Avidyne Corporation announced its new, large-screen EX5000 flight situation display (FSD) at AOPA Expo. The FSD presents information in either horizontal or vertical formats and is expected to retail for $12,950. It will be available in January 2002. Avidyne also joined forces with Cirrus Design to bring the new EX5000C to the cockpits of SR20 and SR22 aircraft. The EX5000C brings in data from the Garmin GNS 430 GPS navigator and Goodrich's WX-500 Stormscope and Skywatch Traffic Awareness System to display on a 10.4 diagonal screen. The FSD will be installed in new SR20s and SR22s beginning in the first quarter of 2002. Datalink is now available to Avidyne customers as well: The FlightMax DX50 provides weather information via the Orbcomm satellite network. Price for the DX50 and antenna is $2,950; an introductory price of $2,450 is offered for customers owning an Avidyne FSD by March 2002. See the Web site.

For daily news updates, see AOPA Online.
Inside AOPA
Several AOPA members and staff traveled to the FAA's Hughes Technical Center in Atlantic City, New Jersey, to participate in a test program for evaluating the interactive briefing capability of the Advanced Digital Data System (ADDS). ADDS is an FAA-sponsored aviation weather Web site that hosts weather products—some of them still experimental—specifically designed for the aviation community. By involving pilots of all experience levels in the tests, the FAA seeks to improve what has become a very progressive briefing tool for pilots. Click here to see the ADDS Web site.

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On Capitol Hill
The House and Senate began negotiations this week to work out differences on aviation security legislation. After learning that AOPA member Vernon Ehlers (R-Mich.) was named to the conference committee, AOPA Legislative Affairs staff immediately contacted the congressman's office to discuss Sen. Herb Kohl's (D-Wis.) harmful amendment to GA that exists in the Senate version of the legislation. Ehlers' staff indicated that he opposes the Kohl amendment and plans to work on having it removed from the final bill. House aviation security conferees were sent a letter from AOPA President Phil Boyer urging that Sen. Kohl's amendment be deleted from the bill. The amendment would force the FAA to implement a security program for aircraft weighing 12,500 pounds or less. See AOPA Online for more information.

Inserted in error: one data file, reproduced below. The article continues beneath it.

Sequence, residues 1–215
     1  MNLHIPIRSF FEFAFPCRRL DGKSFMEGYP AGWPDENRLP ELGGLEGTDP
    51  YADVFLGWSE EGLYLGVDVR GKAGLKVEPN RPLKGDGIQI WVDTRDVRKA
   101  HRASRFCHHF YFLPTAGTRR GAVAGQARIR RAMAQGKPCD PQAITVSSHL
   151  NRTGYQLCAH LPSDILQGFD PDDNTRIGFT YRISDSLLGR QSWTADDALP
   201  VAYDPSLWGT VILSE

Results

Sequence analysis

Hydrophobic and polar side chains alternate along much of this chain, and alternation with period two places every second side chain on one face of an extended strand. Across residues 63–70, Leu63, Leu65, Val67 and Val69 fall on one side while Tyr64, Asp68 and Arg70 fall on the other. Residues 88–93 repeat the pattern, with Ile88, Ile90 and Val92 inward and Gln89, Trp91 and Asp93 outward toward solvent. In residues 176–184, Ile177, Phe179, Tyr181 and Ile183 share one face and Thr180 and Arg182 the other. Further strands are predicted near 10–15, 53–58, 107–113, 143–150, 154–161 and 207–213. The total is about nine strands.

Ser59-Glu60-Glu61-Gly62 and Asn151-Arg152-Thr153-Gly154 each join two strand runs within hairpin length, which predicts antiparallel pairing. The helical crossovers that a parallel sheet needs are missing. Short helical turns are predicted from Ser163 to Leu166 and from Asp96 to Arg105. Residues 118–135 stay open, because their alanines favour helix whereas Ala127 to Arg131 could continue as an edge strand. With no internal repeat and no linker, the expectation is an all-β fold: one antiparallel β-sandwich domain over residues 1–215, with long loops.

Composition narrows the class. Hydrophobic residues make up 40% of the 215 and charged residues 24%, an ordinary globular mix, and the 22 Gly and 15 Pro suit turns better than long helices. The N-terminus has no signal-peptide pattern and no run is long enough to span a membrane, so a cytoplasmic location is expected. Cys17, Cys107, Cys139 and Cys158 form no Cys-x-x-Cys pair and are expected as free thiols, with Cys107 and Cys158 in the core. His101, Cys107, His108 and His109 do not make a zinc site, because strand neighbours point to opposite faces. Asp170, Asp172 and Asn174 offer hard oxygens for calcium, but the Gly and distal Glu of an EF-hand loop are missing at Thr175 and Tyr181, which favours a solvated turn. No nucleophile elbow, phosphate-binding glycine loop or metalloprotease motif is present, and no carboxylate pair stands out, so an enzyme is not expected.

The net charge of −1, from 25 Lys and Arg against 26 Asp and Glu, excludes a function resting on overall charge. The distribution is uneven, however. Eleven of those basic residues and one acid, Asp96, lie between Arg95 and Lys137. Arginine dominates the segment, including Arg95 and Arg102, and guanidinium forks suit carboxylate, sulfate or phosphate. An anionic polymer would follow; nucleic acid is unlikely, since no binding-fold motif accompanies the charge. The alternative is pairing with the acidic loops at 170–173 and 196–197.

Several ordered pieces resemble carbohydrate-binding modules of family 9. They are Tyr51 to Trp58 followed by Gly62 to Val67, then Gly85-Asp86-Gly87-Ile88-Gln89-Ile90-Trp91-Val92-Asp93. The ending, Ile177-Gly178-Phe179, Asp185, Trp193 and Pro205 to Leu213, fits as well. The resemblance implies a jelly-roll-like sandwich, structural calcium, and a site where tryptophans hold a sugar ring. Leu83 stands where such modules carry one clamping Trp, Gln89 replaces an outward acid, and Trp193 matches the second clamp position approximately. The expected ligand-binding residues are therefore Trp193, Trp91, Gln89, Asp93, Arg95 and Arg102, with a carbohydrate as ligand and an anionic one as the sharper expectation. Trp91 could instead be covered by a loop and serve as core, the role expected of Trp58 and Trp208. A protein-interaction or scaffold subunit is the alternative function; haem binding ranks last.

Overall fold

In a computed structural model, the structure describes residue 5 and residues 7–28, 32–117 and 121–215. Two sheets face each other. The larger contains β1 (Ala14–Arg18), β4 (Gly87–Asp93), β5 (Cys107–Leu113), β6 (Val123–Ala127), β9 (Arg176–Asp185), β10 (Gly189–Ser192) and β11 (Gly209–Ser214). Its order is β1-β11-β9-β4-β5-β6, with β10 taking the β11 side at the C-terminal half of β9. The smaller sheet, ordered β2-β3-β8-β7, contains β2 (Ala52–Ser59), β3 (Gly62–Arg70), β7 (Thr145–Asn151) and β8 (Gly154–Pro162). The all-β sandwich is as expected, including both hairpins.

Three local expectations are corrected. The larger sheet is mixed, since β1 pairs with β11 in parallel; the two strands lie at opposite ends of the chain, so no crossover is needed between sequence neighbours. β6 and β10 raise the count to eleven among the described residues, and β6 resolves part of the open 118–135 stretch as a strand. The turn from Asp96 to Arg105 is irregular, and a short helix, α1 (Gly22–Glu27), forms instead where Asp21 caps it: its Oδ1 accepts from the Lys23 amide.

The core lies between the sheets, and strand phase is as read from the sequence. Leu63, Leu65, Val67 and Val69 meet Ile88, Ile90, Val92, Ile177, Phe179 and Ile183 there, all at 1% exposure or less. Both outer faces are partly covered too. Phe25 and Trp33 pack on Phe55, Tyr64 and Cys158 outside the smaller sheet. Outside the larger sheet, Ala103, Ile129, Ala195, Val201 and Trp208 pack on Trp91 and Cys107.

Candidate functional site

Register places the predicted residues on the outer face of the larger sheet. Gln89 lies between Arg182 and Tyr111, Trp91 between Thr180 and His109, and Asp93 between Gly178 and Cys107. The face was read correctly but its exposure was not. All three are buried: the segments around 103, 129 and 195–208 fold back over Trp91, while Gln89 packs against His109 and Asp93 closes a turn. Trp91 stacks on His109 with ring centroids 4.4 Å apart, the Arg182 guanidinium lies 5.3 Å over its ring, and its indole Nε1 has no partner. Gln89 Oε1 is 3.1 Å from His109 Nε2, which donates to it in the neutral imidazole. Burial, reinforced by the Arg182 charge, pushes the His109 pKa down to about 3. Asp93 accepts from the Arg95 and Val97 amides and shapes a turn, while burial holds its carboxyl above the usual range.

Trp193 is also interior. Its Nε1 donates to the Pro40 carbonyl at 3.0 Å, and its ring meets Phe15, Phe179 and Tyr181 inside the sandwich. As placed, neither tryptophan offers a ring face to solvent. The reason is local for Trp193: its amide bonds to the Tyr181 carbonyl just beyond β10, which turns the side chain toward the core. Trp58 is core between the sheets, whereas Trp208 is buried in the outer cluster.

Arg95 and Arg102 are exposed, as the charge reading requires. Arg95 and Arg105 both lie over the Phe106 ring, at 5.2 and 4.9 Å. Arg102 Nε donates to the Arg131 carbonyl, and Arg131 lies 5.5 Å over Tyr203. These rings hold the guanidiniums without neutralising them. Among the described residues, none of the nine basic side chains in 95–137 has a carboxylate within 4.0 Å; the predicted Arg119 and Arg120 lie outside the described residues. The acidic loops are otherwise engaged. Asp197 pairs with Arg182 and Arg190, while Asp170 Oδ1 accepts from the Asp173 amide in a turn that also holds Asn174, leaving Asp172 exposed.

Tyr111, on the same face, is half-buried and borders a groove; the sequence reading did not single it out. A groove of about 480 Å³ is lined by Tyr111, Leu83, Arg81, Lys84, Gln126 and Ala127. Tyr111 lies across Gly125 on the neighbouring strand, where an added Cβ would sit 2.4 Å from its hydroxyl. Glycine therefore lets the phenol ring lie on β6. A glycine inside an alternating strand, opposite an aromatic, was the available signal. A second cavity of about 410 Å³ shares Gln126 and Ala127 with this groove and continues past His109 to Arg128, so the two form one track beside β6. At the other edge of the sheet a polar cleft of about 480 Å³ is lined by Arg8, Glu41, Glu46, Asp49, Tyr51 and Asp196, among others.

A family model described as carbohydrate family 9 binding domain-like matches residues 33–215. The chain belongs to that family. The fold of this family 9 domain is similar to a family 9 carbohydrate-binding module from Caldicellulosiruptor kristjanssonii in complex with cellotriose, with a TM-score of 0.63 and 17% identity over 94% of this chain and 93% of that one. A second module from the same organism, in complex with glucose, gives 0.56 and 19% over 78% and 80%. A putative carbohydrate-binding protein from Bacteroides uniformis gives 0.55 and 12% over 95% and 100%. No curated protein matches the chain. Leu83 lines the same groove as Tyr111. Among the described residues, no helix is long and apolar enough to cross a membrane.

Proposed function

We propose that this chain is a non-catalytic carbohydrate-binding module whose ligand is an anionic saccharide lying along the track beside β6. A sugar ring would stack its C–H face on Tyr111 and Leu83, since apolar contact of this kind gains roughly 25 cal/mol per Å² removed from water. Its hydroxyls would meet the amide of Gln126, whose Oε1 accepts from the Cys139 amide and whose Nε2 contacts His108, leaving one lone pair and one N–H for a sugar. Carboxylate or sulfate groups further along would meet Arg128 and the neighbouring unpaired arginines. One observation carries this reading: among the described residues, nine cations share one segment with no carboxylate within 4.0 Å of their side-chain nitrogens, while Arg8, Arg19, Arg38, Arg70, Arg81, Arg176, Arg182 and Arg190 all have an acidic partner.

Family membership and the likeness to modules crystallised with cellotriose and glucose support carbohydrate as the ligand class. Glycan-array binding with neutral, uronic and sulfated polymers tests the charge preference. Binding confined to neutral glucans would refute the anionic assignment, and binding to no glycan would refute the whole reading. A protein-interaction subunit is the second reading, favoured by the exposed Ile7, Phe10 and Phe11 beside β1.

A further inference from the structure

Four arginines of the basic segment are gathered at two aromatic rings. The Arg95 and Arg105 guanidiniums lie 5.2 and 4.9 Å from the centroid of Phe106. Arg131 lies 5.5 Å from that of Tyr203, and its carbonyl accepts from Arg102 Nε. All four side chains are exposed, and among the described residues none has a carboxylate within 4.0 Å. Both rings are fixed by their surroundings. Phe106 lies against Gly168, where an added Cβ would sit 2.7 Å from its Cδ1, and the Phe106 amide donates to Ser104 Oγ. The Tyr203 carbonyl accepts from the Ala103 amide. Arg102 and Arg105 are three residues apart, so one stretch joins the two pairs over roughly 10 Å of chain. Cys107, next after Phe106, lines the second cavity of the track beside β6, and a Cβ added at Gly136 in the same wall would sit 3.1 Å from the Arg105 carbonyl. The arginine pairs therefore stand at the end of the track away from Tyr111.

Airport Support Network
AOPA Airport Support Network volunteer David W. Abbott has been involved in an effort to get fuel service restored at Wetumpka Municipal Airport (08A) in Alabama. The Alabama Department of Environmental Management had recently fined the primary FBO at the field and, when fuel sales were brought to a halt by the events surrounding the recent terrorist attacks, it was too much for the FBO to bear. It halted operations. Realizing what the lack of fuel service would do to the airport, Abbott contacted the mayor about the situation. The city has since purchased the FBO and is in the process of working to reestablish fuel services.

To learn more about the Airport Support Network, visit AOPA Online.
Quiz Me!